A deep cutting through chalk, about half a mile from the junction, renders a bridge necessary for the public road. The work was here in active progress, and the bridge which fell was constructed by means of leaving a keystone of the native chalk and building the brick work upon the chalk abutments. The bridge was nearly completed, but some weeks since a doubt of its stability was entertained, and reports are current in the neighbourhood that the bridge was condemned, and that workmen had absolutely been discharged by the contractor for refusing to work at it, under apprehension of danger. Notwithstanding this, on Saturday afternoon, at half-past two, six men and a ganger were employed. Three of the six were cutting away the chalk, and three others were scraping the brickwork to make it ready for pointing, from which it appears that there was no intention of pulling down the bridge. At half-past two the whole mass of brickwork gave way and buried six poor fellows. The ganger, John White, escaped. Every effort to get at the buried men was made, but it was nearly two hours before they were extricated.

All six were of course dead, and there is reason to hope that their death was almost simultaneous with their apprehension of danger. On visiting the spot on Sunday morning we found the six poor fellows were lying on the floor of a cottage adjoining, and exhibiting a frightful aspect of violent deaths. One of them had his face and head absolutely torn in halves horizontally; another’s countenance could scarcely be recognised.

The names of the poor fellows are Edward Berry, Chas. Collard, Wm. Cook, Henry Hyder, and Hutchinson ; the sixth was not identified at the time of our visit. The contractor for the line is Mr. Joseph Firbank, of Newport, Monmouth, and the construction of the bridges is underlet to Mr. Henry King, of Lower Norwood.

Rumbold Villas

Houses from north to south, between Aspen Gardens and Arneys Lane, off the west side of Carshalton Road, south of Mitcham Junction.

They were built in 1923/4, possibly by Joseph Owen. The houses south of Arneys Lane to the junction with Goat Road, were originally called Tramway Terrace, and were built earlier than 1894.

1894 OS map

1894 OS map

1932 OS map

1932 OS map

R.M. Chart valued the completed houses and loans were made by the Mitcham Urban District Council to purchasers under the Small Dwellings Acquisition Act, 1899.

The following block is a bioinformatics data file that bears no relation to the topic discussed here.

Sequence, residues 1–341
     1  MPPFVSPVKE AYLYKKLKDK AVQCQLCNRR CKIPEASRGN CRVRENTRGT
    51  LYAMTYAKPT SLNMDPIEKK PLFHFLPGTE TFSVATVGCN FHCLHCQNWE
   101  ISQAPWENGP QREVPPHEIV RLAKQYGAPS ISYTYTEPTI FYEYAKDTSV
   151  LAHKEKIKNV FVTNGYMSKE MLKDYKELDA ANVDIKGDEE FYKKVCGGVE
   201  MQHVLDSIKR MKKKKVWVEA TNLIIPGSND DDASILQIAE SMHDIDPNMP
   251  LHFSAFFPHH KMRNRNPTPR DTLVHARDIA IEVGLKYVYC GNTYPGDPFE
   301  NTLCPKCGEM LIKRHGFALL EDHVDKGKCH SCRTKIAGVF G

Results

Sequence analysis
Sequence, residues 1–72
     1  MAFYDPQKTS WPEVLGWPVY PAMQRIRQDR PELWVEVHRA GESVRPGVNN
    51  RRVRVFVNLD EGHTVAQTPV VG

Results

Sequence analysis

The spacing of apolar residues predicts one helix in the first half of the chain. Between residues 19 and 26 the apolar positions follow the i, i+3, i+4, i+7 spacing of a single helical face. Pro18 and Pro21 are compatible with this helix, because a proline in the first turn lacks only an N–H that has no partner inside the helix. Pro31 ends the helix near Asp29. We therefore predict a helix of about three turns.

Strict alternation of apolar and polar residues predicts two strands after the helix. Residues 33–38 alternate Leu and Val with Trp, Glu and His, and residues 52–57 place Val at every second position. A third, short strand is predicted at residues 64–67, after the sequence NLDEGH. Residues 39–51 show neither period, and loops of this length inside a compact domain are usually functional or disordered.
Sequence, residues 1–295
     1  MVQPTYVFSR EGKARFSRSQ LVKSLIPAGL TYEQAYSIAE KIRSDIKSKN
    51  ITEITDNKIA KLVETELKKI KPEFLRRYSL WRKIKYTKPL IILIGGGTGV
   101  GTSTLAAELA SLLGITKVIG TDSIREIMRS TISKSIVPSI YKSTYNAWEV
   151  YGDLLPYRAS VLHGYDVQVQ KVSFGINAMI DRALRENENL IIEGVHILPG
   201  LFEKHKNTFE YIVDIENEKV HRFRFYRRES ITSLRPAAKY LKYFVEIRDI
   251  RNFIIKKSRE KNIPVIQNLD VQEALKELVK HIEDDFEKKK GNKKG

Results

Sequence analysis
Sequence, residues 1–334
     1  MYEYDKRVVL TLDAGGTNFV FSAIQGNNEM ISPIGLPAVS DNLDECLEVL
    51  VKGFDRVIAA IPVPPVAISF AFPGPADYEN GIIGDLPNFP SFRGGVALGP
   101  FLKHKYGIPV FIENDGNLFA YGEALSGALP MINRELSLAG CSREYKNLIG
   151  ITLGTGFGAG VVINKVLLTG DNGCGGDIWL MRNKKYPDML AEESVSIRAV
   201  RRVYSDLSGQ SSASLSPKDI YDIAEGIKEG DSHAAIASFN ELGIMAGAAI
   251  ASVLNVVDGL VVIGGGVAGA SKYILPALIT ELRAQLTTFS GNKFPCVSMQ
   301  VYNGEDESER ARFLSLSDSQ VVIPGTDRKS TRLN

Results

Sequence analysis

No. Borrower Property Value £ Loan £
2 J. JORDON 750 675
3 P. PERRYMAN 730 500
4 G. MARLOW 730 655
5 F. ALLEN 725 650
6 L. BURKILL 725 600
7 K.T. TODD 730 655
8 J.B. ROWAN 900 800
10 H.L. GOFF 790 710
13 A.F. FERGUS 725 600
14 S.A. STOLLS 725 600
16 V.H. BARMBY 725 650
17 J.R. GASK 740 665
18 E.H. GRUBB 740 615
19 S.K. BUTTON 725 650
20 A. CRIPPEN 725 575
21 R.G. WILKINS 725 600
22 E.H. JENNER 725 650

Source: Volume IX, Mitcham UDC Minutes, Finance and General Purposes Committee, 1924.

Note that JORDON may be a typo, and probably should be JORDAN.

The name possibly came from the nearby Rumbold Farm, as shown on this 1866 OS map.

1866 OS map

1866 OS map

The 1924 electoral registers gives occupants for numbers 12 to 22.

12, Agnes HALE and Thomas Hargrave YATES
13, Alexander Forrester and Caroline Sophia FERGUS
14, Sidney Arthur and Lily STOLLS
15, Sidney Randolph and Grace Kathleen SELF
16, Victor BARNBY
17, John Reginald GASK

19, Sidney Kenneth BUTTON

22, Edmond Frank and Kate JENNER

In the 1925 electoral register, the names Rumbold Villas and Tramway Terrace have been dropped.


Maps are reproduced with the permission of the National Library of Scotland.


Minutes of meetings held by the Mitcham Urban District Council are available on request from the Merton Heritage and Local Studies Centre at Morden Library.

Tamworth Park

Road that runs between Commonside East, about a fifth of a mile east of the Beehive Bridge, and Tamworth Lane.

The three fields shown in this 1866 OS map, between The Cedars and Tamworth Lodge, is likely to be the plot referred to in the 1873 sale below.

1866 OS map

This building plot of about 9 acres was advertised for sale in an ad in 1873 where it was described that 40 feet of the road had already been laid out.

From the Globe – Saturday 21 June 1873

MITCHAM, Surrey.

— Tamworth-park Estate, about nine acres of valuable Freehold Building Land, immediately fronting Mitcham-common (an open space of 600 to 700 acres extent, which can never be built upon or enclosed). on the high road to Croydon, within 15 minutes’ walk of the Mitcham Junction Station on the South London, Peckham, and Sutton branch of the London, Brighton, and South Coast Railway, whence 43 trains run daily to London-bridge, Victoria. and Waterloo Stations, and within tbo same distance of the Beddington and the Mitcham Stations on the Croydon and Wimbledon line of the London and South-Western Railway. A 40 foot road with footways and sower have been made across the property, so that it is fit for immediate building operations. It contains gravel in abundance, is adorned with handsome elm and other ornamental trees, and is admirably adapted for those seeking sites for superior villa residences in a healthy and highly favoured locality, which can never be over built. Immediate possession on completion of the purchase.

MESSRS. DRIVER have received instructions to SELL by AUCTION, at the MART, Tokenhouse-yard, on TUESDAY. the 1st of July, at Two o’clock precisely, the above valuable BUILDING PROPERTY, in six lots.—Particulars shortly of C. B. Hallward, Esq., solicitor, 5. Mitre-court, Temple; and of Messrs. Driver, Surveyors, Land Agents, and Auctioneers. 4, Whitehall, London, S. W.

This 1894 OS map shows that the road had been started from the Commonside East end, the remaining part being a track to Tamworth Lane. The dotted red lines mark an area that, when measured on a geo-referenced map, measures out an area of around 9 acres.

1894 OS map

On this map there are two houses, and these are listed by name in the 1898 street directory:

(Elmhurst), Col. Allan Graeme RAPER
(Tamworth), George WATT

This 1910 OS map shows the houses that were built on the right hand side of the road at the Commonside East end.

1910 OS map

The 1910-1911 street directory lists the houses from Commonside East and on the left, or north-west side are the named houses Elmhurst and Tamworth, and on the right, or south-east side, there are 26 houses numbered sequentially from 1.

Tamworth park, from Coomon side east.